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[17] an election was held for the selection of chief executive officers. Mr. Jefferson Davis, of Mississippi, was elected president, and Mr. Alexander H. Stephens, of Georgia, vice-president.

In assuming the grave responsibility of the laborious work of chief executive of the provisional government, Mr. Davis was sustained by the consciousness that the South was justified by the absence of wrong-doing on her part and by the wanton aggression on the part of the North. His farewell speech before the United States Senate possesses especial significance and historical interest. He said, ‘If I had not believed there was justifiable cause, if I had thought Mississippi was acting without provocation, I should still have been bound by her action.’ While many of our prominent leaders believed that our right to secede would not be questioned Mr. Davis felt assured that the North would not let the South go; that she would endeavor to enforce by the sword the obligations that she had broken in the political conditions of peace. In entering upon his new duties, as soldier and war minister he knew what war meant and was satisfied that the South could achieve her independence only through a long and sanguinary conflict. Thus wisely forecasting results he could not be an ardent, uncompromising secessionist until assured that the honor, the right, the freedom and the interests of the South could no longer be defended within the Union.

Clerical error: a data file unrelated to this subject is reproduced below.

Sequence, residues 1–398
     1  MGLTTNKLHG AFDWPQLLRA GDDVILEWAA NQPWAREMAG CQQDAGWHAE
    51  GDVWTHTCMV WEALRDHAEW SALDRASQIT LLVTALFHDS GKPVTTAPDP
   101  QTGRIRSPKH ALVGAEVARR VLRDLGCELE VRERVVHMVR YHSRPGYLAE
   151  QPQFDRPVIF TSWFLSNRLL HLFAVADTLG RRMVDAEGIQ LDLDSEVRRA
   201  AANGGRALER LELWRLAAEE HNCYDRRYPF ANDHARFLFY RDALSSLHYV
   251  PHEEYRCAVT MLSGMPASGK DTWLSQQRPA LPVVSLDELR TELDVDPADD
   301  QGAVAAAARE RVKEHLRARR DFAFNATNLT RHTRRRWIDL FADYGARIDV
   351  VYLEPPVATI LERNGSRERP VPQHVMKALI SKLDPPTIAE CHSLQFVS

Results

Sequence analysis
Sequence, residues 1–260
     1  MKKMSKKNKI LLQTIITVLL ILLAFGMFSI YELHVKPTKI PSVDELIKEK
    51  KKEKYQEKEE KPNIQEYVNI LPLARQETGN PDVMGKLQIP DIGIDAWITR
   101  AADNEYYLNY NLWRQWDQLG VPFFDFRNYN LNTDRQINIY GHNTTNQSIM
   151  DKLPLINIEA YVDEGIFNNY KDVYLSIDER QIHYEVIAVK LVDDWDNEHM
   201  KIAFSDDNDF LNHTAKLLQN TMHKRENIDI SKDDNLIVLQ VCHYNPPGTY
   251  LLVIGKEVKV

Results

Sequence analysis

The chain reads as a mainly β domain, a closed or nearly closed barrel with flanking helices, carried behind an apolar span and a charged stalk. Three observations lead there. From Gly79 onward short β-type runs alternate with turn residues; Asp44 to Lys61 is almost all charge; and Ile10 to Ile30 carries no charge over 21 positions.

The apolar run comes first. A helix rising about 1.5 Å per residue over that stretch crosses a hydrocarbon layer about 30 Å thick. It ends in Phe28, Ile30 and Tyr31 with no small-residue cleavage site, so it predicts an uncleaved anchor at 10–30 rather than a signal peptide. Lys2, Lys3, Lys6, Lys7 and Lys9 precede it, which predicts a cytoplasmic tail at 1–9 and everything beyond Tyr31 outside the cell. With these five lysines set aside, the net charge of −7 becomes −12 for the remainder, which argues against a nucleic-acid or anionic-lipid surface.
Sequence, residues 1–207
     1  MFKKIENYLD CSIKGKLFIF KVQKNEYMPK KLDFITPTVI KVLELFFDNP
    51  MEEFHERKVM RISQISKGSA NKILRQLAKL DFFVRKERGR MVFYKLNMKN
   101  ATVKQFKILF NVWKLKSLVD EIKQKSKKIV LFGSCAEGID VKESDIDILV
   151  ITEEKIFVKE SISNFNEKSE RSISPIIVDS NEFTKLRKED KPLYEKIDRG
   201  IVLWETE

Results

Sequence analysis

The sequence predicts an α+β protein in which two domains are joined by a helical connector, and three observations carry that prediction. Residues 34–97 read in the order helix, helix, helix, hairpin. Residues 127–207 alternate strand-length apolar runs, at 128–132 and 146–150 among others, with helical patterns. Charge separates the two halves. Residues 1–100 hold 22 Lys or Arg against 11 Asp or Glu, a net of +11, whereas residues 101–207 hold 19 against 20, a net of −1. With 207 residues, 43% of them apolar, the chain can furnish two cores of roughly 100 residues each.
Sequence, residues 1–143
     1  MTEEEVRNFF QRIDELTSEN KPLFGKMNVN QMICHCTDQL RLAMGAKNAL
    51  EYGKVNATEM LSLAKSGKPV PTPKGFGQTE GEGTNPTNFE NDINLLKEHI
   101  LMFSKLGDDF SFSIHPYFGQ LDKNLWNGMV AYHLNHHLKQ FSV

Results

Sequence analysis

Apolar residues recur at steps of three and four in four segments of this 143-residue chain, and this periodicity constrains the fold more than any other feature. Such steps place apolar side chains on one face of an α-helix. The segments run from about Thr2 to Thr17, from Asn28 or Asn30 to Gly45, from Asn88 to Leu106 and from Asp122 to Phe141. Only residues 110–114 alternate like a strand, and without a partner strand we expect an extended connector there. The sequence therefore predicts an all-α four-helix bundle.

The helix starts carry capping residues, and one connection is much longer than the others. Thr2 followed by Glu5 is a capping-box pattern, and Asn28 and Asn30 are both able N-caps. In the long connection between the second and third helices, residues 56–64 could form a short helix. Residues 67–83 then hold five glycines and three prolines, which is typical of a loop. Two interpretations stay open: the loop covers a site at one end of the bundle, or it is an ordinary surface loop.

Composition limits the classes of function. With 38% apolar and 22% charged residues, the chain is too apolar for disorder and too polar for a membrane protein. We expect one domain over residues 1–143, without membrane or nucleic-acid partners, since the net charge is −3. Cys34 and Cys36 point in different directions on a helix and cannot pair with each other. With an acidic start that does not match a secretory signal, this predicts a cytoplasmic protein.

The first and second sessions of the provisional government were held in Montgomery, Ala., from February 4, 1861, to May 21, 1861; the third, fourth and fifth at Richmond, Va., from July 20 to November 18, 1861. On the 19th of February, 1862, a permanent organization of the Confederate States was effected, the electoral vote for president and vice-president cast by the several States being 109. The entire vote was cast for Jefferson Davis, of Mississippi, for the office of president, and for Alexander Stephens, of Georgia, for vice-president.

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